by Scott Sigler


View All Available Formats & Editions
Choose Expedited Shipping at checkout for guaranteed delivery by Thursday, August 29


“The ancestors are out there…you have to believe me.”

From acclaimed author Scott Sigler—New York Times bestselling creator of Infected and Contagious—comes a tale of genetic experimentation’s worst nightmare come true.
Every five minutes, a transplant candidate dies while waiting for a heart, a liver, a kidney.  Imagine a technology that could provide those life-saving transplant organs for a nominal fee ... and imagine what a company would do to get a monopoly on that technology.
On a remote island in the Canadian Arctic, PJ Colding leads a group of geneticists who have discovered this holy grail of medicine. By reverse-engineering the genomes of thousands of mammals, Colding's team has dialed back the evolutionary clock to re-create humankind’s common ancestor. The method? Illegal. The result? A computer-engineered living creature, an animal whose organs can be implanted in any person, and with no chance of transplant rejection.
There's just one problem: these ancestors are not the docile herd animals that Colding's team envisioned. Instead, Colding’s work has given birth to something big, something evil.
With these killer creatures on the prowl, Colding and the woman he loves must fight to survive — even as government agents close in to shut the project down, and the deep-pocketed company backing this research proves to have its own cold-blooded agenda.  
As the creators become the prey in the ultimate battle for survival, Scott Sigler takes readers on the ultimate thrill-ride—and offers a chilling cautionary account of what can happen when hubris, greed, and madness drive scientific experimentation past the brink of reason.

Product Details

ISBN-13: 9780307591012
Publisher: Crown/Archetype
Publication date: 06/07/2011
Pages: 432
Sales rank: 479,029
Product dimensions: 5.20(w) x 8.00(h) x 0.87(d)

About the Author

SCOTT SIGLER is a popular podcaster and the New York Times bestselling author of Contagious and Infected.  He lives in San Francisco with his wife and their dog.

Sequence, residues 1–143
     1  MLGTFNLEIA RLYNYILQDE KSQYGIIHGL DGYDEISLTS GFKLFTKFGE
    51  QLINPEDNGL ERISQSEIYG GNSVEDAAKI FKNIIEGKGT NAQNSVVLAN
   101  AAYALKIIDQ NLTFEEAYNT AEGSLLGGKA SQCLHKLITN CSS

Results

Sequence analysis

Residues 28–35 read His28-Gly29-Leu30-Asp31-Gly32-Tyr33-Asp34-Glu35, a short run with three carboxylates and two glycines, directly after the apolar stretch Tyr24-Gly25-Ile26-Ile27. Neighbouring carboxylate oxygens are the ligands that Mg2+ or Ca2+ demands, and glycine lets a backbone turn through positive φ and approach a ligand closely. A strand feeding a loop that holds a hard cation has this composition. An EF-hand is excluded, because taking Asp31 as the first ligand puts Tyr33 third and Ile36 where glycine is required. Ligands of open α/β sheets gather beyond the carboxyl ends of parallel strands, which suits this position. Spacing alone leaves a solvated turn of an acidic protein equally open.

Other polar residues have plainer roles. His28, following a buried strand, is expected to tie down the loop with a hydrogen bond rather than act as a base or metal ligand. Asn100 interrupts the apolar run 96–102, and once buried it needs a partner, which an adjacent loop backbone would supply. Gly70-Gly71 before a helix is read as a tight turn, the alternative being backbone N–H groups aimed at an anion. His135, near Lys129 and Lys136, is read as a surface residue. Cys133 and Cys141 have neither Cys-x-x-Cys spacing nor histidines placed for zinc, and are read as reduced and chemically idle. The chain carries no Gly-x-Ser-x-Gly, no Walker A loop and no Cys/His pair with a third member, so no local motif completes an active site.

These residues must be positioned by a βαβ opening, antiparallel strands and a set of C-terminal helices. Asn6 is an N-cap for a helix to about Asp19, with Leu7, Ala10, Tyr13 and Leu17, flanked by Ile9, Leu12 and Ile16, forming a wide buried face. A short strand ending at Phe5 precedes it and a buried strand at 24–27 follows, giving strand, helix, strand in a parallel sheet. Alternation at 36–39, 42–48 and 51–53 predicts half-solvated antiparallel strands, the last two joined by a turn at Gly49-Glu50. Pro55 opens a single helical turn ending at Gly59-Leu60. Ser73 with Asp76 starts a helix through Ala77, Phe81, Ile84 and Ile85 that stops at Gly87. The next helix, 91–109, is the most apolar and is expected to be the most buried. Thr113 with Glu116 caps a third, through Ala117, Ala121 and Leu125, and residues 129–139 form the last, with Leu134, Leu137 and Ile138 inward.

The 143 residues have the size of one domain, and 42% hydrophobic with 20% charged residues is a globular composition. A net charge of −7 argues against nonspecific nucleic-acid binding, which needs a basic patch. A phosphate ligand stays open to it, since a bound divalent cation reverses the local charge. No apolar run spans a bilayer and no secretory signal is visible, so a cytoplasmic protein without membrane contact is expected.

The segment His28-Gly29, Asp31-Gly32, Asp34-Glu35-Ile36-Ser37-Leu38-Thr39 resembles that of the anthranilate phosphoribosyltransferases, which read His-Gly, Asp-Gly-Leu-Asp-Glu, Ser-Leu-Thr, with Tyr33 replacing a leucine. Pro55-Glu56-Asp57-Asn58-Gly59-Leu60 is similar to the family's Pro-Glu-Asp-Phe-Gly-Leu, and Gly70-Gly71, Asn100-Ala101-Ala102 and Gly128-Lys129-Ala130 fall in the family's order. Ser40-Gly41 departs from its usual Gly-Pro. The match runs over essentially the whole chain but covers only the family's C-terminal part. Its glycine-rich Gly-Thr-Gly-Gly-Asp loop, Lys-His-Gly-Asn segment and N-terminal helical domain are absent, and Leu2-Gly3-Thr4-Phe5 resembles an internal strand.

Read an Excerpt

Paul Fischer had always pictured the end of the world being a bit more . . . industrial. Loud machines, cars crashing, people screaming, guns a-blazing. Perhaps a world- breaking bomb shattering the earth into bits. But here in Greenland? Nothing but packed snow, endless rocks, and the towering white vistas of glaciers sitting high on the horizon. No cities burning, no abandoned cars, none of that nonsense. Just a tiny virus, and some pigs.

Paul hopped out of the UH- 60 Black Hawk he li cop ter and onto a snowcovered field lit up by the breaking dawn. A woman in an air force jacket waited for him, fur- lined hood tight around her head to ward off the cold and the stinging wind.

She snapped a salute. “Col o nel Fischer?”

Paul nodded and casually returned the salute.

“Second Lieutenant Laura Burns, Col o nel. General Curry is waiting for you. This way, sir.”

She turned and walked toward three white Quonset huts, their curved roofs blending into the landscape. Two tunnels connected the huts, completing the little human hamster town that had gone up less than twenty four hours earlier. He heard the hum of a diesel generator, saw the curve of two satellite dishes mounted on top of the huts.

Paul followed the girl, their shadows blending together as a long, broken gray shape moving across churned- up white snow. He wanted to get inside, hoped it was heated — these cold temps raised hell with his left knee. Paul absently wondered if the young lieutenant was married, if she was the kind of girl his son would find interesting. He was starting to wonder if the boy would ever settle down and get to the business of making some grandchildren that Paul could spoil rotten.